NEW YORK, NY, April 12, 2013 (GLOBE NEWSWIRE) -- Most doctors simply treat the symptoms of disease, but Dr. Carlos Guerra, goes one step further! As an Infectious Disease Specialist at Holy Cross Hospital in Ft. Lauderdale, Florida, Dr. Guerra strives to prevent and overcome HIV/AIDS by spearheading educational campaigns in the community which target at-risk populations and by implementing cutting edge medical advancements to ensure his patients receive the best care. Dr. Guerra also practices at Mercy Hospital in Miami and at Del Ray Medical Center in Del Ray. Originally educated in Peru, Dr. Guerra will receive his Master's Degree in Public Health at East Carolina University this coming May. His fluency in Spanish is an enormous asset to the Spanish-speaking communities where he practices. Dr. Guerra works tirelessly to develop effective interventions to prevent HIV/AIDS and to keep abreast of the latest treatments available that help his patients regain their lives.
Dr. Guerra combats disease by identifying patterns within the population of infected individuals. Doing so has revealed how cultural and situational (i.e. access to healthcare and education) factors affect infection rates. Obtaining this life-saving data has given Dr. Guerra the tools to develop effective interventions aimed at prevention while directing him toward target populations who may be unaware of their elevated risk of contracting HIV/AIDS. As an infectious disease specialist, Dr. Guerra maintains an open mind and welcomes alternative treatments to his practice. Recently, he added Hyperbaric Oxygen Therapy as a treatment option for chronic wounds and has noted an increased recovery rate on patients who receive it. Armed with ever growing knowledge, Dr. Guerra has launched the field of infectious disease into a new age by refusing to define his practice as a treatment of symptoms and by discovering ways to prevent and take control of disease from a holistic and comprehensive standpoint.
Stop suffering and start surviving! Contact Dr. Carlos Guerra today to learn more about the prevention and treatment of HIV/AIDS!
Dr. Carlos Guerra may be contacted as follows:
By phone: 954-493-9752
By email: Cguerra39@hotmail.com
To hear Dr. Carlos Guerra discuss his research with HIV/AIDS prevention and treatment, tune in to Genesis Global Radio tonight, April 12, 2013, from 6:00pm PST -- 7:00pm PST by visiting this link: http://crntalk.com and then clicking on the play button next to CRN 2.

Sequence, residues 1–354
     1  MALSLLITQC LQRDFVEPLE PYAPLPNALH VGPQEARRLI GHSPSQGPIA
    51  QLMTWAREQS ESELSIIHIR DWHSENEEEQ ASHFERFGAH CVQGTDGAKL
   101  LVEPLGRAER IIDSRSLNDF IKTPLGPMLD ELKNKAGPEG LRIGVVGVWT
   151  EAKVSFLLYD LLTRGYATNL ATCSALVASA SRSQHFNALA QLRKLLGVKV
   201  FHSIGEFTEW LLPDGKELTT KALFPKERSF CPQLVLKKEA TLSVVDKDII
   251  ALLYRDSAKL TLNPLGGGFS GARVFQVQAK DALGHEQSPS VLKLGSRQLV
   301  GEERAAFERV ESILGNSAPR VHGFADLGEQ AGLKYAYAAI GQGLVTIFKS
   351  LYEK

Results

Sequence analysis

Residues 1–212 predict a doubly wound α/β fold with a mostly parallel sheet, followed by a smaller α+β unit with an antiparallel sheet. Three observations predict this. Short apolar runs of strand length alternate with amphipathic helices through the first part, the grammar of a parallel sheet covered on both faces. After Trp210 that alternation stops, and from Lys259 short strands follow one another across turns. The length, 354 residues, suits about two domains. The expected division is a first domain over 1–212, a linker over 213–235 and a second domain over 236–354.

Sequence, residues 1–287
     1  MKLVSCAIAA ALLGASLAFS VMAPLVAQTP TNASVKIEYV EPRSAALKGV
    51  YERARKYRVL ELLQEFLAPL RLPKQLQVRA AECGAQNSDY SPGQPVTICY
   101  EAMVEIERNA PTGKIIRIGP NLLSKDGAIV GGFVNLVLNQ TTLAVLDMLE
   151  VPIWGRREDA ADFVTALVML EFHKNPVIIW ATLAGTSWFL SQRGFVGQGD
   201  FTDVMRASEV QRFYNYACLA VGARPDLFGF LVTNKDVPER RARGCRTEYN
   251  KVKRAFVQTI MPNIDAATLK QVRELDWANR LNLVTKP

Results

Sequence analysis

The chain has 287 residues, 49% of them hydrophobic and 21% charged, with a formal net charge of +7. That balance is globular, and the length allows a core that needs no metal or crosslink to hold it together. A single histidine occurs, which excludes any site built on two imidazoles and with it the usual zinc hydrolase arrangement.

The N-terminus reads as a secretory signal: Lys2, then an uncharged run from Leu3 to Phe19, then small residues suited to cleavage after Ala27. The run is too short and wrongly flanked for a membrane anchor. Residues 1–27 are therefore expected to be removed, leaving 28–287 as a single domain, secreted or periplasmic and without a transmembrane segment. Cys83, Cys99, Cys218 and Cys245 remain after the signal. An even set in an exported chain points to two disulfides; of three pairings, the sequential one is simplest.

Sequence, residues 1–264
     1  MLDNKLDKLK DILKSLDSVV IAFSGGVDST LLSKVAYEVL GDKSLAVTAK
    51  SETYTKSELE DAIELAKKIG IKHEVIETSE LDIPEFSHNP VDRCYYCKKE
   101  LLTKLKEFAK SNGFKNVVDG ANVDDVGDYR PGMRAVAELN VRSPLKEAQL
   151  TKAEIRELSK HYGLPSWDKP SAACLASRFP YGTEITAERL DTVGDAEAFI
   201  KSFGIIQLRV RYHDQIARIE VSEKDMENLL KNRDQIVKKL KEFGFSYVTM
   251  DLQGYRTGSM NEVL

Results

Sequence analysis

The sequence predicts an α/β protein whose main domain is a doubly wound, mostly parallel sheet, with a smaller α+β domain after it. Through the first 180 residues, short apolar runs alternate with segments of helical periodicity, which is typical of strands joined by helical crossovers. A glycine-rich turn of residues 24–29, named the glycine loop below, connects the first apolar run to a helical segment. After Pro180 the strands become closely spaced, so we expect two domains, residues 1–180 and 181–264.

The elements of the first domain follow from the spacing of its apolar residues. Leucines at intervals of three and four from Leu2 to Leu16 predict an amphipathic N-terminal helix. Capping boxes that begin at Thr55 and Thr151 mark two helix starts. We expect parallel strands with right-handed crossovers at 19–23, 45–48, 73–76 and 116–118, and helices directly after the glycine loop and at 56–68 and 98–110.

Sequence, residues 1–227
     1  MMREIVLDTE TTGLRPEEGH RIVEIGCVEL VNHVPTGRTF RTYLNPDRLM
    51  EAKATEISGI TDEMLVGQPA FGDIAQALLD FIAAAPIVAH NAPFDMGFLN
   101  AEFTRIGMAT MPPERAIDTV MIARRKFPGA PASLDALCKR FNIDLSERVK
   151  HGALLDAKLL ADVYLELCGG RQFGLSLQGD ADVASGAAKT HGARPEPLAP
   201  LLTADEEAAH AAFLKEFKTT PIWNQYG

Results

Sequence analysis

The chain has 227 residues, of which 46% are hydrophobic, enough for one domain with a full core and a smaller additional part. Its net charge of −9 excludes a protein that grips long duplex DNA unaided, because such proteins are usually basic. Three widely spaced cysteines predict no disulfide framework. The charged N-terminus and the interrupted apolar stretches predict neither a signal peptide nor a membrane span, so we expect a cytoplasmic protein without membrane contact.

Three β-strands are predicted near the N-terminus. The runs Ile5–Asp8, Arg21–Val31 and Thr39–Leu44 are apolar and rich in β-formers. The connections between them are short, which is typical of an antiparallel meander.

If you miss the broadcast, don't sweat it! Access the show anytime through the following link:
Read on for Dr. Carlos Guerra's abstract of his published scholarly research:
Characterization of Methicillin Resistant Staphylococcus aureus (MRSA) carriage among Healthcare Workers (HCW) at a Tertiary Care Hospital: Carlos Guerra MD, Kerri Augustino, Amy Pearson, Andy Blake, John Christie, MD, PhD, Keith M. Ramsey, MD
Pitt County Memorial Hospital and The Brody School of Medicine at ECU, Greenville, NC.
Background: Healthcare workers (HCW) may be carriers of MRSA and a source of transmission to patients. Studies published to date have been limited in size, with few descriptions of the genotypes of the MRSA carried. The objectives were to determine the prevalence and genotypes of MRSA isolates from among groups of HCW.
Methods: In parallel with 100% universal surveillance of admitted patients, data was collected among HCW who were voluntary screened for MRSA via nasal swab between January 2007 and March 2009. DNA was extracted and purified prior to amplification using a DiversiLab Staphylococcus aureus DNA fingerprinting kit. Data were analyzed by logistic regression, and comparing binomial distributions between groups by occupation and age.
Results: Among 7894 HCWs, 3638 (46.1%) were tested (46.1%) with 4.9% positive. Among those in direct patient care, 2136-of-4640 (46.0%) were tested with 100-of-2136 positive (4.7%). Mean carriage (+ 95% C.I.) of MRSA by occupation were nurses (4.6+ C.I.), nurses aides (5.3+C.I. ), care partners (5.5+ CI ) operating room staff (6.2+ CI ) and housestaff (0.7+ CI ). By occupation, MRSA carriage was significantly lower among housestaff than care partners ( p= 0.035). MRSA carriage among the 51-64 yr group (6%) was significantly higher (p= 0.048) than the 31-50 yr (4.1+ C.I. ) and 18-30 yr (3.9+ C.I. ) groups. Genotyping among isolates from carriers revealed 78% were HA-MRSA (USA 100,200,800, Iberian), while 13% were CA-MRSA (USA 300,500) and 9% were no match.
Conclusions: Voluntary screening for MRSA revealed an overall MRSA carriage rate among HCW of 4.9%, with statistically significantly higher carriage rates among those HCW 51-64 yrs of age. 2. HCW in direct patient care carried HA-MRSA at a ratio of 6:1 compared with CA-MRSA. 3. Further studies are needed to determine the risk factors for carriage of MRSA among HCW, and the impact of decolonization on clinical care.
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